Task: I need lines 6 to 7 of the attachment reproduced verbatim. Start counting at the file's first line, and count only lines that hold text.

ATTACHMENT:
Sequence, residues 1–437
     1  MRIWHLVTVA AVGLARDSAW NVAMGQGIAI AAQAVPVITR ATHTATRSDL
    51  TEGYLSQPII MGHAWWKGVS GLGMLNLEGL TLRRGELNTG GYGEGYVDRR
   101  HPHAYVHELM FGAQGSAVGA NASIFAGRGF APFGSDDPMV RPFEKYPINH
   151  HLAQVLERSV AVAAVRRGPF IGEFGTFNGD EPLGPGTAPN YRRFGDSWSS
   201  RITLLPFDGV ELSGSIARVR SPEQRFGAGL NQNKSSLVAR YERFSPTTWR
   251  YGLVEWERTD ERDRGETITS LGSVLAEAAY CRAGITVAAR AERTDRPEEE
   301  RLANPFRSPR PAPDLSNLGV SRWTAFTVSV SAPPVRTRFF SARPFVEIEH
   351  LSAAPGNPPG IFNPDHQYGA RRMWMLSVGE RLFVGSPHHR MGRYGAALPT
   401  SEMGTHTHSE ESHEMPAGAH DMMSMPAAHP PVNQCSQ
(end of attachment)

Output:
   201  RITLLPFDGV ELSGSIARVR SPEQRFGAGL NQNKSSLVAR YERFSPTTWR
   251  YGLVEWERTD ERDRGETITS LGSVLAEAAY CRAGITVAAR AERTDRPEEE